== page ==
@William K.: I could be wrong, but I'm pretty sure that most OEM aluminum wheels have at least a clear chromate conversion coating on them. This will not actually prevent corrosion, but the wheel would corrode a lot faster if it didn't have it.
Many aluminum wheels have multiple layers of coating: chromate, primer, silver topcoat, and clearcoat. They may look like bare aluminum, but they're not.
@Charles Murray: There's no question aluminum wheels are more expensive than steel wheels. If they were cheaper, do you think Alcoa would go to the trouble of paying for a study to show how environmentally friendly they are?
Here's a brief article, of uncertain provenance, that says "Most original equipment aluminum wheels are clear coated for corrosion resistance." http://autos.yahoo.com/maintain/repairqa/vehicle_exterior/ques129_0.html Here's a reference that looks more trustworthy: http://www.detailsupplyoutlet.com/pdf_files/tips.pdf It says "Most aftermarket wheels are made of aluminum alloy, whether they are polished, chromed, painted, cleared or powder coated & cleared." A brief discussion follows of various finishes. From the context, it appears that clear-coating is not universal.
William, here's a link to the corrosion inhibitor blog we just posted: http://www.designnews.com/document.asp?doc_id=252049 There's already a lively discussion going about corrosion and aluminum wheel coatings.
Although there is undoubtedly some sort of anti-corrosion treatment applied to most OEM wheels, "the proof is in the performance." It certainly seems that the treatment is intended to last long enough for the car to be sold, and probably for th first year after that. But the person who gets the year-old trade-in is the one afflicted with the leaks. Of course, one other cause factor is the balance weights that are always installed, with the sharp-edged steel anchor tabs that will cut through any protective coating. Perhaps we need a new method of attaching balance weights to replace a system that came into use in the 1950's? Most other automotive technology has advanced a bit since then, after all.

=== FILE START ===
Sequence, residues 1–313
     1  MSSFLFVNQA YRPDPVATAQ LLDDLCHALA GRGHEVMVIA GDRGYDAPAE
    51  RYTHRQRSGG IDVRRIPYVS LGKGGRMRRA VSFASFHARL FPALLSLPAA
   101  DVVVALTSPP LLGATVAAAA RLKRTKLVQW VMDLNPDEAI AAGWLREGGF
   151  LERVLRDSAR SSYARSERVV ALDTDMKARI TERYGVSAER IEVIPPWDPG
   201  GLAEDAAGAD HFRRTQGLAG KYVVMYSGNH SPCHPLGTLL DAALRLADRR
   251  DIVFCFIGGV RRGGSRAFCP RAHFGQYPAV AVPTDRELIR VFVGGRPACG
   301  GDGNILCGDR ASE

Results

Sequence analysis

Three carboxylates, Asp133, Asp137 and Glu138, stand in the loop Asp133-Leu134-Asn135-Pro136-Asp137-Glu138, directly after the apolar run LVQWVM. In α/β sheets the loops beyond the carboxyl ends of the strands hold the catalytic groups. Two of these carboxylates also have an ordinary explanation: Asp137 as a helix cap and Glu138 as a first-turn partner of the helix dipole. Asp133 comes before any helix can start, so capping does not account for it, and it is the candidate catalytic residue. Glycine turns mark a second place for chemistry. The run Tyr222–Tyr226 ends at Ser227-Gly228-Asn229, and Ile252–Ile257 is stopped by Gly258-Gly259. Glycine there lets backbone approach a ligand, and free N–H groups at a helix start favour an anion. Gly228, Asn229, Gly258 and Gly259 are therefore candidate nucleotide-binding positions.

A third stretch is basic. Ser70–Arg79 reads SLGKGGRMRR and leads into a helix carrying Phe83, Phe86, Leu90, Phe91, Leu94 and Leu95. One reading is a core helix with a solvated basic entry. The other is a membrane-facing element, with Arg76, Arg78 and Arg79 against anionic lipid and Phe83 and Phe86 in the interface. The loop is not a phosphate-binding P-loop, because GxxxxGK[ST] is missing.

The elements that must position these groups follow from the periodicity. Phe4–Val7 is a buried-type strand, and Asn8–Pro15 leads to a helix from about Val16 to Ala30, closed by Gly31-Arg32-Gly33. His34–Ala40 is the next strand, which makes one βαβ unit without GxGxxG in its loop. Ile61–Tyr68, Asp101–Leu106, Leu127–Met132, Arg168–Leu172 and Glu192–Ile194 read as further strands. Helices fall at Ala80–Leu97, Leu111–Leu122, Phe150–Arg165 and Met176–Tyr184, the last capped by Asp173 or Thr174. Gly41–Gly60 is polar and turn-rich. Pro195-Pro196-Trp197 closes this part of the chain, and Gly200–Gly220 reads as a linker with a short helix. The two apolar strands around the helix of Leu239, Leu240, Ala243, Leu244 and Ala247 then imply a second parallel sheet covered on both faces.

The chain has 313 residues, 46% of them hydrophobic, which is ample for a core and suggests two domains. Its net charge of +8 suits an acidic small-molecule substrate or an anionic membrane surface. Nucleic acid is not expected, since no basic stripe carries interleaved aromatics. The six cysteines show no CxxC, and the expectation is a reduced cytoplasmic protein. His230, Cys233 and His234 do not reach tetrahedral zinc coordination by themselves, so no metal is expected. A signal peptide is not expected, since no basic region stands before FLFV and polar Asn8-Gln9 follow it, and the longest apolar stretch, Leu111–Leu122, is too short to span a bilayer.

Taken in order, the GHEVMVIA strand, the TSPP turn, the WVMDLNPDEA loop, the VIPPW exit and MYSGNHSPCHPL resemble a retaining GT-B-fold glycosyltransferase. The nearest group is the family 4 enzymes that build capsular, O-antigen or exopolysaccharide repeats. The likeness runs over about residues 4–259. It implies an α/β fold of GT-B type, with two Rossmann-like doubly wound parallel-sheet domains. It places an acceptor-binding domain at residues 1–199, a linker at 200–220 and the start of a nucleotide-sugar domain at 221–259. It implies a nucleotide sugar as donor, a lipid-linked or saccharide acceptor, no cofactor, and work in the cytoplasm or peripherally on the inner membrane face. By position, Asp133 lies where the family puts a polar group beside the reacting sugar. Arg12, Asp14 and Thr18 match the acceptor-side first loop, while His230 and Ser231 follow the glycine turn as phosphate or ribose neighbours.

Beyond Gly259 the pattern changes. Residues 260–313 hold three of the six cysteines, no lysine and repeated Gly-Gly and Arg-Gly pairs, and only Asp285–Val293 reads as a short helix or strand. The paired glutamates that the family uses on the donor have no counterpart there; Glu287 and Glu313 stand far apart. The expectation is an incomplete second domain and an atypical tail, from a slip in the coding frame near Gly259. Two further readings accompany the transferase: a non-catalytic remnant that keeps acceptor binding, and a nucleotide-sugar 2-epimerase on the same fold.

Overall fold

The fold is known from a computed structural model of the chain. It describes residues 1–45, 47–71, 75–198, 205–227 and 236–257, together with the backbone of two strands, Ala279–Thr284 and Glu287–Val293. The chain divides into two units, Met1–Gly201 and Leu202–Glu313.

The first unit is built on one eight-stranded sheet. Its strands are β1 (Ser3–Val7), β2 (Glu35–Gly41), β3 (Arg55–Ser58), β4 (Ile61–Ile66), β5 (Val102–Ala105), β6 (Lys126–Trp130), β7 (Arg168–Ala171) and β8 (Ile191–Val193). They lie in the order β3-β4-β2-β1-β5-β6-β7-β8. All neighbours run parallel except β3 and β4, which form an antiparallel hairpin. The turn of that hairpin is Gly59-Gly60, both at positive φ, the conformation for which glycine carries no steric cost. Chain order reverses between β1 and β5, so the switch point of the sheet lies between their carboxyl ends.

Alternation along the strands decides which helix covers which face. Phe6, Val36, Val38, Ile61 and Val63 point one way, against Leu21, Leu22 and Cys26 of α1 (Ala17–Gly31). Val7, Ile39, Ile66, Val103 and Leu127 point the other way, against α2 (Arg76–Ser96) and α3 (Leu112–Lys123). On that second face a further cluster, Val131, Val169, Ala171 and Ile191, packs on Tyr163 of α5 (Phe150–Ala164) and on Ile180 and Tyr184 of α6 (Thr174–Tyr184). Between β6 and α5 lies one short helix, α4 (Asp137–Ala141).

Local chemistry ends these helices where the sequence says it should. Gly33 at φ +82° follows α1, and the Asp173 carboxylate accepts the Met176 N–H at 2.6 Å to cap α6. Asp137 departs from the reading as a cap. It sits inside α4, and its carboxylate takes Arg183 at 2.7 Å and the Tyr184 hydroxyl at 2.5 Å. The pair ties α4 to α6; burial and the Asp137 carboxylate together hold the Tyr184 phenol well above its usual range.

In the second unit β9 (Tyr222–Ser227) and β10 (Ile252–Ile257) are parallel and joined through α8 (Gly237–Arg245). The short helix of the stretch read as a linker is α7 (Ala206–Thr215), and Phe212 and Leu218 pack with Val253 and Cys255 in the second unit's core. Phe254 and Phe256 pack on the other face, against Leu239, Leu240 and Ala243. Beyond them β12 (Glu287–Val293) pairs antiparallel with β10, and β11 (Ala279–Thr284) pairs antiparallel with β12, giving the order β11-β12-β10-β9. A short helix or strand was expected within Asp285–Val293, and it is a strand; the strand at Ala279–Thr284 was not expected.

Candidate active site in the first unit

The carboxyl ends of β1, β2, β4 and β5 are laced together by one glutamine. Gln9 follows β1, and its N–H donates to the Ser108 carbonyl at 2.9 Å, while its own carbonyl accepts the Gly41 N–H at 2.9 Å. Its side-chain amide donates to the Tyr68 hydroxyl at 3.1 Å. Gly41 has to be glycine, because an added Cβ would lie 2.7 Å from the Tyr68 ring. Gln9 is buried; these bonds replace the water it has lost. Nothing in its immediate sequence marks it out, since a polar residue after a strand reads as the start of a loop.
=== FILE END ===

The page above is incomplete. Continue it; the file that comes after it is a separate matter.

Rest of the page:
My last vehicle with steel wheels was a 1985 Dodge van that I finally donated in 2003. The one time that I had to replace a damaged tire I did not see any rust or corrosion on the wheel except for the lug-bolt holes, which the paint came off when the nuts were torqued down. And I never had any rim leaks on those wheels, even after all of those years.The paint finish still was a good protector. And it probably was cheaper than whatever the aluminum wheels get.
Ann, how the wheels are relating to carbon emissions? Irrespective of wheel type (Steel or Aluminum), majority of carbon emissions are coming from Engine and type of fuels, am I right. In my previous comment I had raised another concern about weight bearing capacity per cubic cm.
Mydesign, the aluminum wheels are part of lightweighting efforts to reduce carbon emissions. Lighter weight vehicles use less fuel per mile, thus reducing carbon emissions produced per vehicle, per given time period. This is in response to US and European regulations for both consumer and commercial vehicles. Her are a couple of DN articles on US efforts: http://www.designnews.com/author.asp?section_id=1366&doc_id=249877 http://www.designnews.com/author.asp?section_id=1392&doc_id=250828
NIST's new five-year strategic plan for its Material Measurement Laboratory lists additive manufacturing materials development as one of the main areas it will support by developing measurements, data, techniques, and models.
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